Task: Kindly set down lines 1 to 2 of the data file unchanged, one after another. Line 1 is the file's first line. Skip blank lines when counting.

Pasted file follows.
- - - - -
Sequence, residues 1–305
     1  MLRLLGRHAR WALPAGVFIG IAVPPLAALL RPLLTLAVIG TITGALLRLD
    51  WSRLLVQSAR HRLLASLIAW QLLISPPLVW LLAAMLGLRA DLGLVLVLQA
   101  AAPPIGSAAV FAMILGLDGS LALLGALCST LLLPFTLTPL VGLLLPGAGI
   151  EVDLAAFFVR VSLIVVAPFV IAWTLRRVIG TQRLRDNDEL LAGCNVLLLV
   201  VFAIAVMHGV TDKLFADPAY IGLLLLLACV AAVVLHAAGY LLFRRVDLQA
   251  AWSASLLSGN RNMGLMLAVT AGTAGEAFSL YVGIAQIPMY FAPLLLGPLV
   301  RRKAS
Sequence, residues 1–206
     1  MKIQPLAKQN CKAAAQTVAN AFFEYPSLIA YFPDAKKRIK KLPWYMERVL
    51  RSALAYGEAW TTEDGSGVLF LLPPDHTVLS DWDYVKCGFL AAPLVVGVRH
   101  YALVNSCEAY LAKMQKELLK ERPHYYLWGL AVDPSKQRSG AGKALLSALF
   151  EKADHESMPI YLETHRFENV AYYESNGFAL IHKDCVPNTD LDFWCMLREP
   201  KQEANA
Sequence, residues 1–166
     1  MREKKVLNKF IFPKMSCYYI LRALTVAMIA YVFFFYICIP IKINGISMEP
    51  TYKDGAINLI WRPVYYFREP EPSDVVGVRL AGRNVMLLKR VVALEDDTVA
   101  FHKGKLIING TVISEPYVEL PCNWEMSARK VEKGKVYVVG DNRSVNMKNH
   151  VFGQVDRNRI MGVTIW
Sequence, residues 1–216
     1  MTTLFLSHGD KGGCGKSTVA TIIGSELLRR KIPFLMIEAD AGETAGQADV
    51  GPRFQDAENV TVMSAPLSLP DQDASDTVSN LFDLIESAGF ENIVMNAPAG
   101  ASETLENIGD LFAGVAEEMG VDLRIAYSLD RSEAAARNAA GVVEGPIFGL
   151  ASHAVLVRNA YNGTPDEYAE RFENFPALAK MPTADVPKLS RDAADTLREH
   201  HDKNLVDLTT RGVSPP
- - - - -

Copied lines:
Sequence, residues 1–305
     1  MLRLLGRHAR WALPAGVFIG IAVPPLAALL RPLLTLAVIG TITGALLRLD